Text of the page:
Tokyo, Yamanote-Line, Ishimoto Yasuhiro Collection Exhibition

Having been based in Tokyo since returning from Chicago in 1953, Ishimoto Yasuhiro continued to capture faces of society from within the neighborhood he was living in. In order to document the dramatic transformations of the mega city “Tokyo” on its way into the economic bubble of the 1980s, Ishimoto focused on the areas around the 29 stations of the Yamanote Line, for which he chose 8×10 inch large format film for its high resolution and plasticity.
The resulting pictures showcased the new Tokyo Metropolitan Government under construction; brand new tall buildings contrasting with old wooden houses by the wayside; female high school students sporting the latest hairstyles posing in front of the Saigo Takamori monument in Ueno Park; and other aspects of the particular atmosphere and social conditions in the ’80s. The photographs were published in the “Yamanote Line 29” series as part of an “urban inspections” special issue of Asahi Camera (1983). Even after the publication, Ishimoto continued working on the series.
Eventually spanning approximately ten years, the series is a basic visual representation of Ishimoto’s view of the city shaped through his long-term observations in Tokyo starting in the years of recovery right after the war.

List of works – 1(PDF)

List of works – 2 (PDF)

Chicago Beach, 1948-52
(c)Kochi Prefecture, Ishimoto Yasuhiro Photo Center

Beach, Ishimoto Yasuhiro Collection Exhibition

Ishimoto Yasuhiro is a Kochi native photographer who has gained a worldwide reputation for creating works charged with exquisite formative sensibility and beautiful harmonies of black and white. After learning the basics of photography at the Institute of Design that was adopting the Bauhaus style in post-war Chicago, Ishimoto returned and settled down in Japan, but continued to photograph beach sceneries in both Japan and America. On display here is one representative series of works showing scenes of people gathering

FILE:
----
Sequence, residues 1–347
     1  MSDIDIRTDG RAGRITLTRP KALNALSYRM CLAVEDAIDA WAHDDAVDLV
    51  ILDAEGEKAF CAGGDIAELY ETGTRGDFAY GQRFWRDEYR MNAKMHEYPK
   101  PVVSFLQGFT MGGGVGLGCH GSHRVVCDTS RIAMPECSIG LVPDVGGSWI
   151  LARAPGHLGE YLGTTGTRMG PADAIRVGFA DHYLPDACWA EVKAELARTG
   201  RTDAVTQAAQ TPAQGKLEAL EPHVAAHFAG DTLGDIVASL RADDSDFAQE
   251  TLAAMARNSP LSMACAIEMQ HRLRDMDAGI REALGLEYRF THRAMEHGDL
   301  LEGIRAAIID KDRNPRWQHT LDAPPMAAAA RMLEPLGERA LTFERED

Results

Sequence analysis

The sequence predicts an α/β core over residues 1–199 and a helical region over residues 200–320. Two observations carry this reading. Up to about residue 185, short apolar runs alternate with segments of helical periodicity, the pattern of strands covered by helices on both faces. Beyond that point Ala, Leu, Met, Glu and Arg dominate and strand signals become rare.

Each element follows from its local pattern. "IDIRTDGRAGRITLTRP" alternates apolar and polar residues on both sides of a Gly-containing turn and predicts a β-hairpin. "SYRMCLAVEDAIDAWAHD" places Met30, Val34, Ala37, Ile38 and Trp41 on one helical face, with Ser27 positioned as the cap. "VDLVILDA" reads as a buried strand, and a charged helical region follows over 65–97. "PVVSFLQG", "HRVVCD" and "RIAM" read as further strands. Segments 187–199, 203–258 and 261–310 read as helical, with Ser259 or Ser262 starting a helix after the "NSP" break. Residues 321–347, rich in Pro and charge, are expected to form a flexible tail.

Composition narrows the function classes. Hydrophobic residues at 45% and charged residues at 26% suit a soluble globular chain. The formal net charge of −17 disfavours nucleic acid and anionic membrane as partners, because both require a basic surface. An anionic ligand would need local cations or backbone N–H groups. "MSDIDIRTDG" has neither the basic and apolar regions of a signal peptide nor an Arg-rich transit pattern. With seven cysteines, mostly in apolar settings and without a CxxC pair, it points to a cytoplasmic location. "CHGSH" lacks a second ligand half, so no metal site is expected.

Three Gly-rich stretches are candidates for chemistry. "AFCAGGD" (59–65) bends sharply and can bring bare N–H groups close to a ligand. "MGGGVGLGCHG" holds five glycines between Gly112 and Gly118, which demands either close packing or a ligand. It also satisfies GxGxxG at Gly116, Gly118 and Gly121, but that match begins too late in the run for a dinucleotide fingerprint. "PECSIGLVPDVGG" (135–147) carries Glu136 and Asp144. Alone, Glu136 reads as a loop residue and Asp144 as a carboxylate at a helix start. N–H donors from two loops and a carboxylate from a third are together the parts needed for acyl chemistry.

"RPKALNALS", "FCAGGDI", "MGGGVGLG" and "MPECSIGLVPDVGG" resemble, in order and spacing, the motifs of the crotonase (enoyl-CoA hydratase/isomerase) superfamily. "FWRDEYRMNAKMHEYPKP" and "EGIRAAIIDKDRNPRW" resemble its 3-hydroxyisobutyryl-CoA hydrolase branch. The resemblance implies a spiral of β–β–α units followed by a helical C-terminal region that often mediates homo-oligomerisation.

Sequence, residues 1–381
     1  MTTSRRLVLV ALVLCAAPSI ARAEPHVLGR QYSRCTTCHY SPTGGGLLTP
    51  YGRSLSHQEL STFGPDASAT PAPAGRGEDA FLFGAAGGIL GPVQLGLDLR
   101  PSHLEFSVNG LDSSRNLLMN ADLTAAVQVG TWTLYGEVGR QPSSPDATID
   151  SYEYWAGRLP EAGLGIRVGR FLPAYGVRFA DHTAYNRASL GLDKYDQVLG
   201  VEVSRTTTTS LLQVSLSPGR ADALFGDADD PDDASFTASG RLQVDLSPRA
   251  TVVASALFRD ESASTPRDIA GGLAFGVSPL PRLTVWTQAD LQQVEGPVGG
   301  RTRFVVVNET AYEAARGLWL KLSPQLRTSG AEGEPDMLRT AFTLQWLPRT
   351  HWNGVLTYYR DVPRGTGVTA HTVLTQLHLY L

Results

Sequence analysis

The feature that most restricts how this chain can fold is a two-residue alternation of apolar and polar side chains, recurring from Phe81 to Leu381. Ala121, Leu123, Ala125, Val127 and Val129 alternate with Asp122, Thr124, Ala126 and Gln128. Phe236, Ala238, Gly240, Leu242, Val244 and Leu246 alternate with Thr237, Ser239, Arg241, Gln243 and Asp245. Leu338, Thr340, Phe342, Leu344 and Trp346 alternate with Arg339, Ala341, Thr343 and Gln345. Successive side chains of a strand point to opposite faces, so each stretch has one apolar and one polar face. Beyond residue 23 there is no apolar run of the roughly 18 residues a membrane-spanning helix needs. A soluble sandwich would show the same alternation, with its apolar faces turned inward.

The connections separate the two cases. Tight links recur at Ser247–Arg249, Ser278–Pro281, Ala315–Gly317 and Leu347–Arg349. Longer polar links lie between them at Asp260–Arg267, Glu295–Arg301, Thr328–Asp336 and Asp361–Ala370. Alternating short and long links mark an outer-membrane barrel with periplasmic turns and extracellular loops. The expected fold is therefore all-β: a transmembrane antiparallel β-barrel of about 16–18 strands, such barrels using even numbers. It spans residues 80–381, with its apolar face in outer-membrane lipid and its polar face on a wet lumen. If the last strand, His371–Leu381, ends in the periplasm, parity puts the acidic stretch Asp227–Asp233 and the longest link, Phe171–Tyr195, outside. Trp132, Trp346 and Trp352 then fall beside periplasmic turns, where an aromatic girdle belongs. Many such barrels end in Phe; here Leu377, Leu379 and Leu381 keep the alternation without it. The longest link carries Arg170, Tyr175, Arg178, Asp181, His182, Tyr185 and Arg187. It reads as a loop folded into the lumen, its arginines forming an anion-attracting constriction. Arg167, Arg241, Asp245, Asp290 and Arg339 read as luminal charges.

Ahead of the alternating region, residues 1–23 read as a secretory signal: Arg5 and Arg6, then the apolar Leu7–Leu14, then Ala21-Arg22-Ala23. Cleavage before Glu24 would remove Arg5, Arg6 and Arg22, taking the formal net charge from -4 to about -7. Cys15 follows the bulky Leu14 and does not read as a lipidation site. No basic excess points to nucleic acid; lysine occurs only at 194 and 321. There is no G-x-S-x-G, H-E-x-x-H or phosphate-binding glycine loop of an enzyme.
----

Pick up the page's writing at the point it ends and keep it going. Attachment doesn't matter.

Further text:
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(c)Kochi Prefecture, Ishimoto Yasuhiro Photo Center

Little Ones, Ishimoto Yasuhiro Collection Exhibition

Ishimoto Yasuhiro is primarily known for his exquisitely structured, modern and intelligent photographic works as displayed in Katsura, a collection of pictures of the Katsura Imperial Villa that blends Japanese tradition and Western modernism. In his early career, however, he often chose children as his photographic subjects. Characterized by Ishimoto’s trademark picture composition, the results are lively depictions of children in the slums of Chicago that are populated by immigrants from various countries, and children playing in the back-alleys of Tokyo

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Chicago Little Ones, 1948-50
(c)Kochi Prefecture, Ishimoto Yasuhiro Photo Center

Friends and Student Days in Chicago, Ishimoto Yasuhiro Collection Exhibition

Having grown up in his parents’ hometown, after graduating from the local high school Ishimoto Tasuhiro left Japan for the USA, where he enrolled at the Chicago Institute of Design* to study photography. The curriculum based on the educational philosophy of the Bauhaus school began with classes teaching the basics and aesthetics behind creative work, which for Ishimoto meant not only studying the ideas and methods of modern photography, but also cultivating the formative sensibility that would constitute the bedrock

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